Key Stage 2 SATs grammar, punctuation, and spelling test
Grammar, punctuation, and spelling are some of the building blocks of good writing. Your child’s writing, including their use of grammar, punctuation, and spelling, is assessed throughout the year by their teacher. These three areas are also formally tested in a separate SATs test in May of Year 6. This SATs test is known as the SPaG test.
SPaG is an informal term that means spelling, punctuation, and grammar. When people refer to the SPaG test, they are actually talking about two tests that Year 6 children sit in May: one 45 minute test on grammar and punctuation, and one 15 minute test on spelling.
Year 2 children have an similar, shorter test checking spelling, grammar, and punctuation, but schools can choose whether or not to use it, and if they do, it is marked by the teachers.
Why is the SPaG test necessary?
While some feel that the best way to learn to write well is to read and read and read, understanding how sentences are built can really improve the quality of your writing. Having a shared language helps us talk about writing. For example:
“I really like how you’ve used adverbials to build the scene, but two of your prepositions are incorrect.”
Without a shared understanding of these terms, precise feedback like this would be difficult, if not impossible. Testing a child’s understanding of these words helps to reinforce their knowledge.
Try not to be put off by complicated terminology! We all use adverbials, prepositions, pronouns, and so on, even if we don’t know what they are called. It could be helpful to encourage your child to tell you about some of these terms, and this grammar glossary is a good source of information too.
Confidence in spelling, meanwhile, helps children to communicate ideas quickly and clearly; if they have to think a lot about spellings, they will forget their ideas! And sometimes, children avoid using really effective words because they aren’t sure how to spell them.
What parts of the SPaG test do children find hardest?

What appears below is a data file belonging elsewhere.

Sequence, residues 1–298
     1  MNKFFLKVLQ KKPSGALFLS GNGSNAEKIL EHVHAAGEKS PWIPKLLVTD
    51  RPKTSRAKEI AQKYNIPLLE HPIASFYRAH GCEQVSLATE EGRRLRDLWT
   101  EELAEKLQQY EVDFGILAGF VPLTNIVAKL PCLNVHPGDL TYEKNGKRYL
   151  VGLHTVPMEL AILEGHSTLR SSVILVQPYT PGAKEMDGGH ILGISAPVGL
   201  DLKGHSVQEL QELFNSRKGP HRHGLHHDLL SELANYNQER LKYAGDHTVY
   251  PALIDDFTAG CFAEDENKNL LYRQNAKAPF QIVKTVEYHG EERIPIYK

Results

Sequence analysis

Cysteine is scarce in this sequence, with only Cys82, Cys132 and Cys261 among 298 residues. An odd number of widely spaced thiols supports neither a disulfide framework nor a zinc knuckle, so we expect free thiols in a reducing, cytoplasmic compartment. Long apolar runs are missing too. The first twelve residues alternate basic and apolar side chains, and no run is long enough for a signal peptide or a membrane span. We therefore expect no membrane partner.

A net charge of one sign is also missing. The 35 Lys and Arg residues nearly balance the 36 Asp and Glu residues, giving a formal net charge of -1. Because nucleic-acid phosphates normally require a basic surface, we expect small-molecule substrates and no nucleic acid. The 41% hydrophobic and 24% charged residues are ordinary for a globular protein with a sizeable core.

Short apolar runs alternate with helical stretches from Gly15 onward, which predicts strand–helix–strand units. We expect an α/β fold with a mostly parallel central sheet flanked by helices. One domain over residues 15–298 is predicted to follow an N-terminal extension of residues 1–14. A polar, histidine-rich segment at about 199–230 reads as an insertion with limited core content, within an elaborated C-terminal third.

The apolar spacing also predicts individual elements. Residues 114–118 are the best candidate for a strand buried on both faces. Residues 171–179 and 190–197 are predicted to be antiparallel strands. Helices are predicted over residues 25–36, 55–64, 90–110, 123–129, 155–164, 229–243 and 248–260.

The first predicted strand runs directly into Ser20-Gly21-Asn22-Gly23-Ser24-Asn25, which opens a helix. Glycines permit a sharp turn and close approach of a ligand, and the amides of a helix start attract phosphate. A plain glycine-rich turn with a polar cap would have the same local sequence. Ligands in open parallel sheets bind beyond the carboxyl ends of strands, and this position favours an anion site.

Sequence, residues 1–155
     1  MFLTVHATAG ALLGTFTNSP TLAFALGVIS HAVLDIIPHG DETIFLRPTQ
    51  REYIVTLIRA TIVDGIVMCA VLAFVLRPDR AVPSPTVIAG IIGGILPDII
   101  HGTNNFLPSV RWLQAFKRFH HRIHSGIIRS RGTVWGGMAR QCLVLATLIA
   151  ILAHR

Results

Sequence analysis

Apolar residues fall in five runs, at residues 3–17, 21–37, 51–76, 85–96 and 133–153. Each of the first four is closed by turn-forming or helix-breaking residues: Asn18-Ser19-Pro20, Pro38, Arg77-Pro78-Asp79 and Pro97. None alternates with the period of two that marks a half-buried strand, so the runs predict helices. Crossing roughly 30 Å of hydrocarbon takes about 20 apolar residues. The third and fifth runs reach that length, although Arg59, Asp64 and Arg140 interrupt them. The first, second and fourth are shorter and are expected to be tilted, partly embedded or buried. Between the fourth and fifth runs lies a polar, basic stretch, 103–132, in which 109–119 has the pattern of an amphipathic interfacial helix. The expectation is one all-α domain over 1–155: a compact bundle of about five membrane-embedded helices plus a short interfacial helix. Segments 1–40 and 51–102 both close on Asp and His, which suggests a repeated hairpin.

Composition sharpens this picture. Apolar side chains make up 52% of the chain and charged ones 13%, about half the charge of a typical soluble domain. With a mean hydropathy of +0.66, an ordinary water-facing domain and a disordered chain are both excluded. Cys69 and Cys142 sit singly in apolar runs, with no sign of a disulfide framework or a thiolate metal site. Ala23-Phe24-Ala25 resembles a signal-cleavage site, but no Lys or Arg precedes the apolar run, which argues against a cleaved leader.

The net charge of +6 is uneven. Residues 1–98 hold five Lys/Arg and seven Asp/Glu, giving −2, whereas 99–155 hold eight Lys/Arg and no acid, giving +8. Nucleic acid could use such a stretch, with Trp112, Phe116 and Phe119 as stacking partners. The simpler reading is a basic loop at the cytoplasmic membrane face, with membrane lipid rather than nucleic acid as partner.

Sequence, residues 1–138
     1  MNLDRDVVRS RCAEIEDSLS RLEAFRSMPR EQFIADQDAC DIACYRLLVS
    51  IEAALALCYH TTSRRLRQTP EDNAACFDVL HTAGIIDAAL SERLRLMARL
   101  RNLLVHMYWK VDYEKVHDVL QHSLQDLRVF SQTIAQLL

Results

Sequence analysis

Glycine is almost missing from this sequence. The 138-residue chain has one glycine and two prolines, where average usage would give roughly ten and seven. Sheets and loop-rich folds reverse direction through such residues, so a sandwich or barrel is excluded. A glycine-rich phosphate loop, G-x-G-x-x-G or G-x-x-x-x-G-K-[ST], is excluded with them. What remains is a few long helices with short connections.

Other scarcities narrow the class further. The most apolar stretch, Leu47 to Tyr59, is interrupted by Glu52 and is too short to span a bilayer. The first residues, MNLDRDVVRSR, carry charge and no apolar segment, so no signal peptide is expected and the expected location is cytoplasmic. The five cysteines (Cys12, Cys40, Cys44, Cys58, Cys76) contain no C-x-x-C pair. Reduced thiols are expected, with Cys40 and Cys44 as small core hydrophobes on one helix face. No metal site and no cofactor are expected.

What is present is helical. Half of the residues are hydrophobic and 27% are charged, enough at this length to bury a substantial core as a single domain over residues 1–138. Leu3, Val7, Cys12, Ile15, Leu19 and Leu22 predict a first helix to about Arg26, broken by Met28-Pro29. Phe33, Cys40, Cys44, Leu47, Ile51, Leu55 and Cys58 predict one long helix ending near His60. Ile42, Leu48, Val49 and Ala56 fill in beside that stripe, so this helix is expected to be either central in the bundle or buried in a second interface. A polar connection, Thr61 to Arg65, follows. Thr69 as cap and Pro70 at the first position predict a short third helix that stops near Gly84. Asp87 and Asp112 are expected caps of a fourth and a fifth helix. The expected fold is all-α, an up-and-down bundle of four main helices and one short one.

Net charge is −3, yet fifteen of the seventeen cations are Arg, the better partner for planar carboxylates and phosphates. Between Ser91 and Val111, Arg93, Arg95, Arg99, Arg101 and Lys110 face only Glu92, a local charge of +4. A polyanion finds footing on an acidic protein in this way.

In our experience, the aspects of grammar and punctuation that children find hardest are:
- Knowing where to put commas and apostrophes (and where not to!).
- Coming up with synonyms and antonyms (words meaning the same/the opposite).
- More advanced punctuation like brackets, dashes, and colons.
- Recognising different tenses.
How can I help my child?
1. Read lots!
More than anything, we would recommend lots of reading (and being read to by parents/carers, or audio books) as many grammar questions may be answered by asking the question, “What sounds right here?”.
To know what sounds right, your child needs to have heard lots of good written language, and this sense of what is right will come from experience with high-quality texts. Reading widely and noticing things like punctuation and spelling is useful too – if you’re reading with your child, try to show enthusiasm for these things, too.
2. Break down words
Reassure your child that no-one can memorise every word that exists. A key skill is to hear a word and then break it down into its syllables (ad-vent-ur-ous). Then they can try to spell each syllable in turn.
3. Keep an eye out for useful resources
You can find lots of grammar activities on the internet for additional support (for example, take a look at our grammar, punctuation and spelling made easy page), and we heartily recommend having the Oxford School Grammar, Punctuation and Spelling Dictionary to hand as a quick reference tool.
4. Have fun!
If your child is given work to do at home to prepare, try to make the sessions as fun and positive as possible. Covering fewer things in small chunks and returning to them more than once will help your child remember their learning. Giving your child frequent breaks, including fresh air and some form of exercise, will also help the learning process. For fun grammar activities and games, why not take a look at our Kids’ activities page?
5. Get used to test conditions
The format of the test presents questions in a variety of ways: tick, circle, underline, explain, and insert. Your child’s teacher will help them get to know these different types of questions. As always, the most important advice is: “Read each question carefully and more than once – you probably know the answer.”
6. Finally, sleep!
Keep in mind that the most important aspect of learning that can happen at home is sleep. No learning at all can happen without it, and a child sleeping 8–9 hours a night will remember more than a child sleeping less.
Advice written by education experts Christine Chen and Lindsay Pickton.